Before publishing my reviews of a few of 2014’s blockbusters, I’ve decided to repost some reviews of American blockbusters released by HuaXia and China Film Group last year, which I had initially published on my now defunct Tumblr.
Directed by Alfonso Cuarón / Written by Alfonso Cuarón, Jonás Cuarón / Starring Sandra Bullock, George Clooney / Cinematography by Emmanuel Lubezki / Music by Steven Price / Production by Esperanto Filmoj, Heyday Films
Cruelly setting both its characters and audience adrift in space, Gravity stars Sandra Bullock and George Clooney as the sole survivors of an ill-fated space walk after a catastrophic hailstorm of space debris tears through their patch in the void. With their shuttle completely wrecked, the pair must make their way to the International Space Station in search of a lifeboat before the cloud of debris completes its orbit for a second round of devastation.
As the center of the film, Bullock carries an extraordinary weight and closely resembles an aged, more world-weary version of the plucky every-woman that made her everyone’s favourite bus passenger in Speed (1994). Opposite Bullock’s Dr Stone is George Clooney’s level-headed space veteran Matt Kowalski leading, joking and calming those around him with his velvety voice and bottomless charm. Matt is the closest thing that Dr Stone has to a guiding light up in the vacuum but it is Dr Stone herself that is the true hero of Gravity – not an American hero, like so many astronauts before her, but a poster child for the human spirit in all its glory and all its weakness. Bar the battlefields of war, there is no more likely a place for an action thriller to expound on this theme than space.
The script, which Cuarón wrote with his son, Jonás, reads like a checklist of reasons why no sane person would ever want to go into space. From debris circling the Earth at more than 100mph to the terror of being trapped in a burning space station to simply running out of fuel for the trip home; the rogues gallery of hazards is the framework around which this particular roller coaster ride is constructed. Cuarón and cinematographer Emmanuel Lubezki’s exquisitely judged “long takes” travel between the tiny, swirling spec of a body adrift in the void to the interior of a space suit to convey the immediacy of numerous threats to the characters’ lives without losing the grandiosity that makes 400km above Earth’s surface such an alluring setting.
The CG imagery of Earth from above is nothing short of breath taking and the use of the characters’ journey in and out of sunrise, sunset and the darkness between creates both great tension and moments of great beauty. What unfolds on screen is a stark and uplifting example of cinema as an immersive, experiential event, taking viewers on a journey that is physically rattling as it veers between wonderment and stomach-churning suspense (on more than one occasion I could feel my own deep-seated fear of drowning/suffocation playing out in my throat and my guts). Cuarón’s sense for tension and suspense, on such fine display in Children of Men (2006), never lets up and never quite allows the audience to rest easy in any presumption that there will be a happy ending. This finely tuned pacing is all the more essential for saving the film from its own weakest link: Bullock’s central emotional conflict, which, together with Steven Price’s needlessly bombastic, over-baked score, pulls Gravity up short of greatness.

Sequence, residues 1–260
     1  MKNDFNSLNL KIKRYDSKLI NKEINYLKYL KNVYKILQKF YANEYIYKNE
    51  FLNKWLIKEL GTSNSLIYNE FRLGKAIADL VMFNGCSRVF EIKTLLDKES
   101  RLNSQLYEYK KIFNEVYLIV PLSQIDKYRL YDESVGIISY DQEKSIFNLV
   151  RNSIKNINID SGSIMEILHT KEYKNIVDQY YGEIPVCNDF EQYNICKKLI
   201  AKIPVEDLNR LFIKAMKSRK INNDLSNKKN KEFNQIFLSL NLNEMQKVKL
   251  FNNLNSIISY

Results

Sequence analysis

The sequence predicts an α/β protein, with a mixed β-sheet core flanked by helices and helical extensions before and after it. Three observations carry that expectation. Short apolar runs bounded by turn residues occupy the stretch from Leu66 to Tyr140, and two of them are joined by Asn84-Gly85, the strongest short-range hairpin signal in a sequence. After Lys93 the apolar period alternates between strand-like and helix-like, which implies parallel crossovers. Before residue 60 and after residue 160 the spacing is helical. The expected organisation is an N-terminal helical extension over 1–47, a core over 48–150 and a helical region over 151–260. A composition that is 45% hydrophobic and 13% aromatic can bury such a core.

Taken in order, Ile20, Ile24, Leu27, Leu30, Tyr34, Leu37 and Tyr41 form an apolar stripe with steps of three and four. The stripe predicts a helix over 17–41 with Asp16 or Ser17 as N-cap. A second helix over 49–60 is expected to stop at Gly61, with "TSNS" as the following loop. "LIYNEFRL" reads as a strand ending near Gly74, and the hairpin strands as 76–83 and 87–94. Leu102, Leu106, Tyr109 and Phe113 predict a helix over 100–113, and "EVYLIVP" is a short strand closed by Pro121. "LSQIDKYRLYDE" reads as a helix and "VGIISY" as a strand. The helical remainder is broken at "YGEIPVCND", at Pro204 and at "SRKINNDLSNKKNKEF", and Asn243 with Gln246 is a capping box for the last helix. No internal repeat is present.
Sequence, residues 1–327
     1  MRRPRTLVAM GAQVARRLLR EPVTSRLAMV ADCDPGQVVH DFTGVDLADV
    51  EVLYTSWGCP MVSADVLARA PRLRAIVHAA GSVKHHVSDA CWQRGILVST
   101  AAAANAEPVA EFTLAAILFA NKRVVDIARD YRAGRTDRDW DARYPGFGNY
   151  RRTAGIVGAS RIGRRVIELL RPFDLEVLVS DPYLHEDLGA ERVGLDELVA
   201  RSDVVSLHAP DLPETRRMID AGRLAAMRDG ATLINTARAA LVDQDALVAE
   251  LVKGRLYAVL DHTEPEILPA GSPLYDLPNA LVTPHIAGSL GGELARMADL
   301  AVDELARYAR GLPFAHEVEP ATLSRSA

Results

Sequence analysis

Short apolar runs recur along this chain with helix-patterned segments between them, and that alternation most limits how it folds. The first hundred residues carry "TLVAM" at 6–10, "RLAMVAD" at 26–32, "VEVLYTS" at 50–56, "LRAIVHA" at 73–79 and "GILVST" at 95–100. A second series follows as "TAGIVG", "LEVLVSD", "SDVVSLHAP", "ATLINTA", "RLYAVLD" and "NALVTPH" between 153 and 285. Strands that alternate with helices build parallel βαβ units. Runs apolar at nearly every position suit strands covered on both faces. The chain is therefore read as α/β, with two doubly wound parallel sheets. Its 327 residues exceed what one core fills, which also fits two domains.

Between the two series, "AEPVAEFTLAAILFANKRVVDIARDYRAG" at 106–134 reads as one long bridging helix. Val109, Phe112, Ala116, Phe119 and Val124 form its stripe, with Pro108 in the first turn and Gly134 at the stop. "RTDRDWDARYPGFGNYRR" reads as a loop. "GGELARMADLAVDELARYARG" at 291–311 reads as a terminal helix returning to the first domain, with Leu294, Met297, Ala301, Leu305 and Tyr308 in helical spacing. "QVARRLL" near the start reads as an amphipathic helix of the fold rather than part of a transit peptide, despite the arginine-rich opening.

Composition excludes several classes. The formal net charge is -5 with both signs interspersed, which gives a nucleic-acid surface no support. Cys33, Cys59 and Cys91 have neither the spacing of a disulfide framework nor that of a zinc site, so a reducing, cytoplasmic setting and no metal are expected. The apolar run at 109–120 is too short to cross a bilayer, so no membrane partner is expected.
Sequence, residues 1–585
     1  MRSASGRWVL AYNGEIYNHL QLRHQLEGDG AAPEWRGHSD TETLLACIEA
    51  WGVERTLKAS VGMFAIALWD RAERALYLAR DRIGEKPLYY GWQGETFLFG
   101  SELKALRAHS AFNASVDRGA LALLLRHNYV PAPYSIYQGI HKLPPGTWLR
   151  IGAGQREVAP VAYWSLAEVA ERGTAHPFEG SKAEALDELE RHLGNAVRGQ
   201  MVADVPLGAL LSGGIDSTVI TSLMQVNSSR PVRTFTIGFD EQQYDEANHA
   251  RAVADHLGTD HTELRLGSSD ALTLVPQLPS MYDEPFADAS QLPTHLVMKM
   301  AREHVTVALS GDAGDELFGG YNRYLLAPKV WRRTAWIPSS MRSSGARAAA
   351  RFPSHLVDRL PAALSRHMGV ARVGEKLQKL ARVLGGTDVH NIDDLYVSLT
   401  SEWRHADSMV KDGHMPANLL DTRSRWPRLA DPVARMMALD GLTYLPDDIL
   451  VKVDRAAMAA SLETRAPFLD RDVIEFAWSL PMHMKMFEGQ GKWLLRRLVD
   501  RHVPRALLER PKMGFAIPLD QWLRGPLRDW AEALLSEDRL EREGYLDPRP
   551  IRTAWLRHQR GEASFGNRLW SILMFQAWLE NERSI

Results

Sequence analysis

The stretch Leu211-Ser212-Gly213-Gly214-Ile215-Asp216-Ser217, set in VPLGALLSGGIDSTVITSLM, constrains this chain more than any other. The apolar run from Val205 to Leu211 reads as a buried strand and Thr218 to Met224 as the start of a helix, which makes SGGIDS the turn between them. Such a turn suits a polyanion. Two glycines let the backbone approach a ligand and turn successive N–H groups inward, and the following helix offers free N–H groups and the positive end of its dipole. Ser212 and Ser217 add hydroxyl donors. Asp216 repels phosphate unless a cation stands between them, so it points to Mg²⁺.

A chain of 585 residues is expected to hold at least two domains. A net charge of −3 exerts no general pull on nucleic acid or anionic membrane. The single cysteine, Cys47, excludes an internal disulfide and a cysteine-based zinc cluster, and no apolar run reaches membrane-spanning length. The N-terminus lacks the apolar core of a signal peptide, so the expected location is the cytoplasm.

Dr Stone is a woman with seemingly nothing left to live for since the untimely death of her daughter and as her chances of survival grow ever more improbable, her will to continue reaches breaking-point. Whilst it should not feel out of place and is, in many ways, an essential component of the film, the story of Dr Stone’s dead daughter feels shoe-horned in in a way that is more sentimental and heavy-handed than it is beneficial to the emotional conceit of the film’s title: that we will always be drawn, inexorably, back to Earth and back to life. When the triumphant Wail of Gaia, breaks out on the soundtrack, any remaining subtlety is lost entirely and the powerful final image is crushed by the numbing sense of emotional manipulation, that does a disservice to the exceptional quality of the preceding 90 minutes.
As an example of digital filmmaking – from the cameras used to shoot the film, through to the CG recreations of the space stations and Earth itself and the 3D projection methods necessary to screen it – Gravity is unparalleled, even by the 3D standard-bearer, Avatar (2009). At the 2013 Zurich Film Festival, Cuarón commented that he laments the state of 3D in modern Hollywood, where films are still being “up-converted” from 2D film formats and 3D is simply being used for marketing rather than an exciting new tool for artistic expression and audience immersion. That the zero gravity environment is perfectly suited to 3D spectacle is a no-brainer but Cuarón and Lubezki’s use of it here is so subtle for the most part, that one rather forgets its presence until the camera highlights a particular object for tension or a moment of emotional gravitas (some better played than others). Compared with other space-set 3D offerings, such as Star Trek: Into Darkness (2013) and Prometheus (2012), Gravity stands as the better all round package, balancing visceral, immersive action with Prometheus’ exploratory lightness of touch in a way that one hopes can become the norm as 3D continues to develop as part of the filmmaker’s toolkit.
Gravity went on general release in China on 20th November 2013 and banked $70,680,000 of its $716,392,705 Worldwide gross (figures from Box Office Mojo).